Independent providers. You can also hire a home care provider privately. You will be responsible for recruiting, hiring, supervising, and paying these caregivers. You will also have to confirm their credentials and check their references.

How can I pay for home care services?

You may be concerned about the cost of home care services. If you live in the United States, the following resources may be helpful.

Medicare and Medicaid. These government-run insurance programs may cover part-time home care provided by skilled medical professionals, such as nurses, doctors, or physical or occupational therapists. Keep in mind:

  • A doctor must approve and review the services provided.

  • The U.S. Veterans Administration (VA) has a program that pays for home care services for qualified military veterans. Learn more at the U.S. government's VA website.

Private insurance companies and health maintenance organizations (HMOs). Insurance companies often cover some short-term home care services. But coverage varies from plan to plan. Check with your insurance company before beginning any home care services.

  • Many insurance providers pay for skilled medical care, but not personal care. Some companies may require you to use certain home care agencies or personnel.

  • Private long-term care insurance can help pay for longer-term home care services.

Community organizations and state and local governments. These organizations may provide information, services, and funds to help pay for home care services at the local level. Each organization has its own criteria and range of offerings.

Volunteers. Volunteers from local places of worship, home care agencies, or community organizations may also be an option. These volunteers can provide companionship, limited personal care, respite care, meals, or transportation services.

Be sure to investigate the costs, insurance coverage, and payment details before starting any home care services. If services are not covered, this means paying out-of-pocket or needing to self-pay. Long-term care provided by an aide, attendant, or companion often requires that you pay out-of-pocket. In some cases, you may also have to pay employer taxes.

Questions to ask when hiring a home care professional

When interviewing potential professional caregivers, it is important to clearly describe the type of home care you need help with, such as specific medical services, personal care, and/or other tasks. And, asking questions is also important, to make sure their skills and services line up with what tasks you need done. Your questions will vary based on whether you are talking with an agency, a registry, or the candidate. If you are interviewing the potential caregiver, be sure to note whether you are comfortable with both their training level and communication style. Here are some possible questions as a starting point. Be sure to add others that are important to you.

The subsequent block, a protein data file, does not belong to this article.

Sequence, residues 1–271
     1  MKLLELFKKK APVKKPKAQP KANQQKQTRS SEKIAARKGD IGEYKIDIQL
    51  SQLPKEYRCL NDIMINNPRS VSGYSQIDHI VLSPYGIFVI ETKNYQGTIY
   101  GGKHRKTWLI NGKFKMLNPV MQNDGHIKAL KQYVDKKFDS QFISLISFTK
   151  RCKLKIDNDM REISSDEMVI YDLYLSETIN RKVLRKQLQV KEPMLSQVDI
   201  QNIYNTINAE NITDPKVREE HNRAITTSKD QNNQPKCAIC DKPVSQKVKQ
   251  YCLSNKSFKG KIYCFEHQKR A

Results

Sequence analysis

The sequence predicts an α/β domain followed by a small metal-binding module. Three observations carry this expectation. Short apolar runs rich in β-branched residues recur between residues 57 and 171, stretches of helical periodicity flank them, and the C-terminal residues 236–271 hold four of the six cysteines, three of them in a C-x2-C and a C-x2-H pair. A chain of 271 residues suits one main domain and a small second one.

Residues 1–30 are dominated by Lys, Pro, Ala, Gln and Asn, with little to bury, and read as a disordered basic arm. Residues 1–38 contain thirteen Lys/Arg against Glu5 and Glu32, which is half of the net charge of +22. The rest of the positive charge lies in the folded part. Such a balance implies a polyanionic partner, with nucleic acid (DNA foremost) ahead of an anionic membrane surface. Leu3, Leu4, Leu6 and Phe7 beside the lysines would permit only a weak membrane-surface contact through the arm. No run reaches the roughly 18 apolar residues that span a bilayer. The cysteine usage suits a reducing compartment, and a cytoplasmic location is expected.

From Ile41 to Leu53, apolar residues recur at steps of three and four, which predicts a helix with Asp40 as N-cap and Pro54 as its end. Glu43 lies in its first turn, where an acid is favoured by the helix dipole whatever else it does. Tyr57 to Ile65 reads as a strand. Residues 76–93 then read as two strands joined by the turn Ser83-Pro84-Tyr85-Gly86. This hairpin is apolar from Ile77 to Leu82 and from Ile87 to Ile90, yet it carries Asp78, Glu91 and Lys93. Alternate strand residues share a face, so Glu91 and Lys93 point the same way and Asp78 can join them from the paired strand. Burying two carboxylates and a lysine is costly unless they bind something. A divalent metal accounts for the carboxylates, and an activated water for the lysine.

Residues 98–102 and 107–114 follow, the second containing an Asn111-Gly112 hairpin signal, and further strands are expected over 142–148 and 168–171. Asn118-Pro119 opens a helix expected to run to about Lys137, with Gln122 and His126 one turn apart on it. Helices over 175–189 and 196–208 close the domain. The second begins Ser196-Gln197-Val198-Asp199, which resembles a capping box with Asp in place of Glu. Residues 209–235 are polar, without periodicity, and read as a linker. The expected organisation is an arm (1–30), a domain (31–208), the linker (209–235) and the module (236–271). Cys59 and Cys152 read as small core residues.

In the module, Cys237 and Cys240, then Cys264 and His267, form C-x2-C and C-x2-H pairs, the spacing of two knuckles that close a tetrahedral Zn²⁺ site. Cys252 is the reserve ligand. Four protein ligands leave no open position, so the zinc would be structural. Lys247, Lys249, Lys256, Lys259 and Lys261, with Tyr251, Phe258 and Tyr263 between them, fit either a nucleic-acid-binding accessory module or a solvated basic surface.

• How long have you been providing home care services?

  • Are you accredited?

  • Do you specialize in a specific aspect of home care?

  • What is your professional experience caring with people with cancer?

  • Are you able to deliver home care services during the timeframe needed?

  • Can you provide me with references?

  • How do you handle emergencies?

  • Do you provide a written treatment plan that states the tasks you will perform? Do you notify family if the plan changes?

  • Which insurance plans do you accept?

  • What is the billing process?

  • How do you oversee the quality of care a person receives? Who is the contact for questions or complaints?

Related Resources

When You Need Help With Caregiving Responsibilities

How to Find a Caregiver When You Have Cancer

Financial Resources

Tips for Caregiving

More Information

CancerCare: Caregiving

Family Caregiver Alliance: Hiring In-Home Help

LIVESTRONG: Home Health Care Needs

The free ASCO Answers Guide to Caring for a Loved One With Cancer includes practical tips, advice for communicating with family and the health care team, and worksheets to help track medications and coordinate caregiving tasks. Download this guide as a printable PDF in English (44 pages) or in Spanish (40 pages).